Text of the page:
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Omar Passons is a candidate for a County Supervisor seat. / Photo by Adriana Heldiz

One of the biggest political races this year in San diego is the contest to replace county Supervisor Ron Roberts. We’ve begun our look into each candidate for that job, starting with Omar Passons.

This isn’t the North Park attorney’s first foray into the public sphere. As our Lisa Halverstadt explains, Passons has been a community activist and he’s found both both struggles and successes in his efforts.

He’s long had an interest in public-private partnerships to help solve problems – a recurring theme in his campaign proposals.

For instance, Passons rallied his neighbors to start a graffiti abatement program, taking an effective, private citizen-powered approach to a problem the government is typically expected to tackle.

Passons also joined The Jacobs Center, a nonprofit that works to improve southeastern San Diego by attracting businesses and housing. The nonprofit relies heavily on public-private partnerships, which is part of what he liked about the gig. But after only about a year on the job, Passons left and it’s unclear how much he accomplished.

Sacramento Report: Airport Bill Scaled Back

A bill to make the San Diego County Regional Airport Authority a part of the Port of San Diego instead of an independent agency has lost its teeth.

In the latest Sacramento Report, Andrew Keatts makes an appearance to explain exactly how and why Assemblywoman Lorena Gonzalez Fletcher has changed the scope of her airport proposal, AB 3119.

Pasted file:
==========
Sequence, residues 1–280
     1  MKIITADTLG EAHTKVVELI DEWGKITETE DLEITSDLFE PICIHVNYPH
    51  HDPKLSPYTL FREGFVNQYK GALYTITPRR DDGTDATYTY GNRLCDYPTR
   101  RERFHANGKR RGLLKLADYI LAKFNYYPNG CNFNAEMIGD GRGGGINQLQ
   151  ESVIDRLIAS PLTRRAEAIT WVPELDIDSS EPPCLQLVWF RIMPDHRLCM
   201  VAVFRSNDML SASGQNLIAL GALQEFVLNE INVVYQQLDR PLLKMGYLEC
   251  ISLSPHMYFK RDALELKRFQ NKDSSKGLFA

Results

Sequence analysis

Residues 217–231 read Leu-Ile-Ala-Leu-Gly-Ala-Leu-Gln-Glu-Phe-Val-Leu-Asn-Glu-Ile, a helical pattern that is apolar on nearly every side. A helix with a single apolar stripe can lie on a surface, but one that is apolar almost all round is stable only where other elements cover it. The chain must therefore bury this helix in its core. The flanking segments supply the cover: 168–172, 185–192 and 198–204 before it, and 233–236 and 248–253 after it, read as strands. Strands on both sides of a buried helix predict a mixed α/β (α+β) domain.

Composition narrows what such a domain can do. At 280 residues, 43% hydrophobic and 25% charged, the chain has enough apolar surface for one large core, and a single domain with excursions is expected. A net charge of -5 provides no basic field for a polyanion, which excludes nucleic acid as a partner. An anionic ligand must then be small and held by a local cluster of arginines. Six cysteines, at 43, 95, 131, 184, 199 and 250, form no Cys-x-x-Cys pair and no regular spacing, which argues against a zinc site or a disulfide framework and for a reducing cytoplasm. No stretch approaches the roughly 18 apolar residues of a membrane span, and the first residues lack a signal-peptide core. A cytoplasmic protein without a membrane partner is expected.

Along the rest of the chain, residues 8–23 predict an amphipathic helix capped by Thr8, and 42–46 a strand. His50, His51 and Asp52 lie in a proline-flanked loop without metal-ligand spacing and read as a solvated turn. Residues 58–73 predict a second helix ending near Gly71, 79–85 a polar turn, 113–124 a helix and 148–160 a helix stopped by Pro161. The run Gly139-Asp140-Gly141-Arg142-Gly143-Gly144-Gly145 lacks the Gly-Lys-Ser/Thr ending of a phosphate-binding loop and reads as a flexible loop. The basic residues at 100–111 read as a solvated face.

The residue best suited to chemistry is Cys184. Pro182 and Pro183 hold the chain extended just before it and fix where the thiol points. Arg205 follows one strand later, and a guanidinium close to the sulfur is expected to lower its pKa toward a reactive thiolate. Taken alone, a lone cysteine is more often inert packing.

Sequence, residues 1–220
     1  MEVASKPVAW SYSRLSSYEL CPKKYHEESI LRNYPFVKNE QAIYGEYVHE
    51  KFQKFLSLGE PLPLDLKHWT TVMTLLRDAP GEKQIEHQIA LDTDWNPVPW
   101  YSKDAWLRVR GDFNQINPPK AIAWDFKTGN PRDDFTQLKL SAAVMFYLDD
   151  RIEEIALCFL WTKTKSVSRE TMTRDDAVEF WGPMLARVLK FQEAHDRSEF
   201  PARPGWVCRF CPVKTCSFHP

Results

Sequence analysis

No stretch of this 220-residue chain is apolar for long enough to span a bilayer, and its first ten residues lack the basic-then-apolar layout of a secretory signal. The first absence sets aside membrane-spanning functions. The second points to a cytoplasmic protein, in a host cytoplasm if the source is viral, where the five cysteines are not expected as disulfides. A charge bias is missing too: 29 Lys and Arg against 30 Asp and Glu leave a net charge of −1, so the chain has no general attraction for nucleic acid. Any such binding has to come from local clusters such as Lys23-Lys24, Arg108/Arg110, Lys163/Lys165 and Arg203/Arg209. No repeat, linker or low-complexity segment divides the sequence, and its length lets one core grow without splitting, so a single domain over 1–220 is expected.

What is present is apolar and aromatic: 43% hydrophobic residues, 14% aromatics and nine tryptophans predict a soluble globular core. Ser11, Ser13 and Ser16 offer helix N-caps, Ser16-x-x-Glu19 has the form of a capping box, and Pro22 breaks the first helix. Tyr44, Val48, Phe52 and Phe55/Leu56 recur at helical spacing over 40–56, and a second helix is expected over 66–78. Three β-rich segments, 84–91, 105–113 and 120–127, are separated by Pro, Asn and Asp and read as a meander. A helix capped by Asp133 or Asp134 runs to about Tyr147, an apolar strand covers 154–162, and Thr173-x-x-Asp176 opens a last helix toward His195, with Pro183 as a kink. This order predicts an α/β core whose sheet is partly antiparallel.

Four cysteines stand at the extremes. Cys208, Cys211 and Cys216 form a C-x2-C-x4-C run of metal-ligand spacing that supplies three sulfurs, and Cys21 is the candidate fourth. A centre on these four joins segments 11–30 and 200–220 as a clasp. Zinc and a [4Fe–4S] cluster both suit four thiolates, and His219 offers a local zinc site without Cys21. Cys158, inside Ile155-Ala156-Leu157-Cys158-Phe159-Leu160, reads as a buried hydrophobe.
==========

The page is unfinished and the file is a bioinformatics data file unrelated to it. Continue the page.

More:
Also in the weekly roundup of news from Sacramento: Lisa Halverstadt explains Assemblyman Todd Gloria’s efforts to force counties statewide to spend hundreds of millions of dollars to help Californians with mental illnesses, Sara Libby describes two San Diego legislators’ plans to advance women in the workplace and more.

Update: La Jolla Symphony & Chorus Puts Professor on Leave

Patrick Walders won’t be working with the La Jolla Symphony & Chorus for the time-being.

Walders is the San Diego State University choir professor I wrote about this week who’s on paid administrative leave from the school pending an investigation related to a sexual relationship he had with one of his students, according to a Title IX investigation obtained by VOSD. I talked to past students and coworkers who shared their stories of how they say Walders bullied them and wielded his influence in inappropriate ways.

“In light of information contained in the Voice of San Diego, Dr. Walders has been placed on administrative leave until further notice,” Diane Salisbury, the executive Director of the La Jolla Symphony & Chorus, said via email.

Podcast: The County’s Trump Vote

In this week’s podcast, hosts Sara Libby, Scott Lewis and Andrew Keatts break down what the county’s decision to join the Trump administration lawsuit challenging three California laws really means, and clear up some of the confusion around it.